It was an idea born out of the Cold War and the imminent threat of nuclear annihilation. A combat aircraft that wasn't restricted to an airfield could be moved anywhere and therefore survive the first moments of a nuclear exchange. The F-100 was capable of withstanding the launch forces while carrying an external fuel tank and a single nuclear weapon mounted on wing pylons. The pilot was expected to carry out his combat mission and either attempt to land at a friendly airfield or eject.
The rocket booster generated 132,000 pounds of thrust for four seconds, and at burned out when the F-100 reached an altitude of about 400 feet and a speed of 275 mph. The takeoff run (equal to the actual length of the ramp that guided the airplane during the initial instant of its launch) was approximately three-eighths of an inch, making it the world's shortest runway. During launch, the pilot experienced a maximum force of nearly 4 Gs.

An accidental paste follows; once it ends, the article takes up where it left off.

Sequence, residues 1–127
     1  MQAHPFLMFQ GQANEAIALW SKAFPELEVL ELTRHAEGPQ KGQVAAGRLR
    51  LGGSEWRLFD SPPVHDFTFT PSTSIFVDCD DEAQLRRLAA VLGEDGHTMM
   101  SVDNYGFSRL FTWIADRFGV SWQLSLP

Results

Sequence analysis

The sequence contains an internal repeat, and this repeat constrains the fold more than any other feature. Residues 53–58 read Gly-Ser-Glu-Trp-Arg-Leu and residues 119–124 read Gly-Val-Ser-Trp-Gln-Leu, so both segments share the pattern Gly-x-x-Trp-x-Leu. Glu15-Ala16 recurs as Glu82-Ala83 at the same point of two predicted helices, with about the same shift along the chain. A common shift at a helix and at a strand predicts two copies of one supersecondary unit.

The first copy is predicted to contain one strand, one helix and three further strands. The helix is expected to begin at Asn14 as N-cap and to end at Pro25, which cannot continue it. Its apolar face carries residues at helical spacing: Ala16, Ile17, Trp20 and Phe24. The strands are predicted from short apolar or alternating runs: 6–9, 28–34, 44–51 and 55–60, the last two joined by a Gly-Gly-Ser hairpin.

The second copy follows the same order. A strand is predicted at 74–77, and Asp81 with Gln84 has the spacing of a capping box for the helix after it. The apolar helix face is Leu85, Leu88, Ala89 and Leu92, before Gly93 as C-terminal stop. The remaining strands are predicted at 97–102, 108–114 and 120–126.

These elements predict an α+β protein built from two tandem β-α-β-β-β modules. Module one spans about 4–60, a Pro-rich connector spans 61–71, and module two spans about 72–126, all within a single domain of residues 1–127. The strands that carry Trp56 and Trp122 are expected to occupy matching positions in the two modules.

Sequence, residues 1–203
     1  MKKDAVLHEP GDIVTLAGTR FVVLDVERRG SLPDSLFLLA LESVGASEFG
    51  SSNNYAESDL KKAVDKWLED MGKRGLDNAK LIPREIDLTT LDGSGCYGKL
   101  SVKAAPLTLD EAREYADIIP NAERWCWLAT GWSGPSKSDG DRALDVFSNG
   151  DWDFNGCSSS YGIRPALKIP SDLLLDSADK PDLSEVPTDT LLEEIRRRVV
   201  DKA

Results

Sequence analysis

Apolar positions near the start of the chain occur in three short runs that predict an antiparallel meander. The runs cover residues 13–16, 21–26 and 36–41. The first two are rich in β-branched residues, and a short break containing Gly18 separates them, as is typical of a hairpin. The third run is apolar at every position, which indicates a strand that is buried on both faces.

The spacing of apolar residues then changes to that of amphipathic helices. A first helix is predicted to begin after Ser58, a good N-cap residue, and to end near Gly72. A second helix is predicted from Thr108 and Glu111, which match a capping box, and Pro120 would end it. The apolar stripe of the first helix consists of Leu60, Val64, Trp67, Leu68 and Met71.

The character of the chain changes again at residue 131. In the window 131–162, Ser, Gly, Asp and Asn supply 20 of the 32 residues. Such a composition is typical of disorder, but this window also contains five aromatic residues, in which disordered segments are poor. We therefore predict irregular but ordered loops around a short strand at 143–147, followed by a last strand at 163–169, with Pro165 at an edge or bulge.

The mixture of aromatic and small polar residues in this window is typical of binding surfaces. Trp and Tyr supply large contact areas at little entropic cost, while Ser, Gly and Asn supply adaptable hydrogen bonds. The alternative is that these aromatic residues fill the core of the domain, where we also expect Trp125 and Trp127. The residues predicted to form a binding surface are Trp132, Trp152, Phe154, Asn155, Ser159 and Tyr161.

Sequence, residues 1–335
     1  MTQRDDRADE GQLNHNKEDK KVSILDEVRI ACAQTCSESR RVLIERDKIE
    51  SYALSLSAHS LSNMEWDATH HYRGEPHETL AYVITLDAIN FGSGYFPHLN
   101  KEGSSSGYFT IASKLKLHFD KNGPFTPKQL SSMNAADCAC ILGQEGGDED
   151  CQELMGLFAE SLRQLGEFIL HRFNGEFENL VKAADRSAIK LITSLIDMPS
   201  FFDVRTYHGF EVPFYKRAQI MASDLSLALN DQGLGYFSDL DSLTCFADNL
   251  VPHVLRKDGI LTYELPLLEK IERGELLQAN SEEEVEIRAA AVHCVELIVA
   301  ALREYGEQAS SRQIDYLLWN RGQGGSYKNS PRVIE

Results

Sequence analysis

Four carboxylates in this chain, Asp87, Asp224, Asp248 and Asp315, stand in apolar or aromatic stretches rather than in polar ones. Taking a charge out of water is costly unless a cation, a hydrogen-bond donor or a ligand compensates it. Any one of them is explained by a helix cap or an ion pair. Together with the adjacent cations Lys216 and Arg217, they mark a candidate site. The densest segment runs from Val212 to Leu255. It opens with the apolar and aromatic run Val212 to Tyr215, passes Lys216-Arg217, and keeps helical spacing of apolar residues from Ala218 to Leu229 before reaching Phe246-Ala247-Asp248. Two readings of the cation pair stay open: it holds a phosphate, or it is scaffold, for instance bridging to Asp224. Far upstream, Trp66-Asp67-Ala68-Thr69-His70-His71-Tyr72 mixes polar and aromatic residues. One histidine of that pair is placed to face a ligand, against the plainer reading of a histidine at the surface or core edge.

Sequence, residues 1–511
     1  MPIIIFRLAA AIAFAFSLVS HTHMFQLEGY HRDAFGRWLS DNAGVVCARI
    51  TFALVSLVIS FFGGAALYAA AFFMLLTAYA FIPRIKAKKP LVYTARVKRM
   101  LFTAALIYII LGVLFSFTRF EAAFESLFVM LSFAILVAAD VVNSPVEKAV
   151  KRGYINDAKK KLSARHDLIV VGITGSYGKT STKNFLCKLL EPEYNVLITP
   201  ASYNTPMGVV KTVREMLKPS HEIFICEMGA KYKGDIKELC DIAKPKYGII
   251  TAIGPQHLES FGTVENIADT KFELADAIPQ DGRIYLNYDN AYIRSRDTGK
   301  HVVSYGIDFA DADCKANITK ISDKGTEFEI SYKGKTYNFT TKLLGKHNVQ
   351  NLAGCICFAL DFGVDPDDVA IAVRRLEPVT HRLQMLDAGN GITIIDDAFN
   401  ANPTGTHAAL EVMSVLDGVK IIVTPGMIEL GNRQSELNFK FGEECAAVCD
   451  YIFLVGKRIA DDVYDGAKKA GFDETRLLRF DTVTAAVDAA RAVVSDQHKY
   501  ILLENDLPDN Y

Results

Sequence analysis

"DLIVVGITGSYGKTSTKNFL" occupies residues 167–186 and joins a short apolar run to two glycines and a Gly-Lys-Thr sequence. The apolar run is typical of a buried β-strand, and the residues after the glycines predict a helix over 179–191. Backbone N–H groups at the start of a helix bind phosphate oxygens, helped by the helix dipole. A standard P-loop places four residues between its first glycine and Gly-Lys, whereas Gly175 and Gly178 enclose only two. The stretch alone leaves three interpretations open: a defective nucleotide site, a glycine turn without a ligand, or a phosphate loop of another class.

The F-100 ZeLL project pilot was Albert W. Blackburn of North American Aviation. He made the first ZeLL flight on 26 March 1958 from the south end of Rogers Dry Lake at Edwards Air Force base, California.
After careful preparation, Blackburn ran the fighter's jet engine up to full power and pushed the launch button. As the booster blasted him into the sky, he held the wings level. Soon the rocket engine exhausted its fuel and dropped away. As it did, it struck the underside of the aircraft, causing slight damage. Otherwise, the flight was uneventful. Blackburn made a successful landing on the Edwards main runway.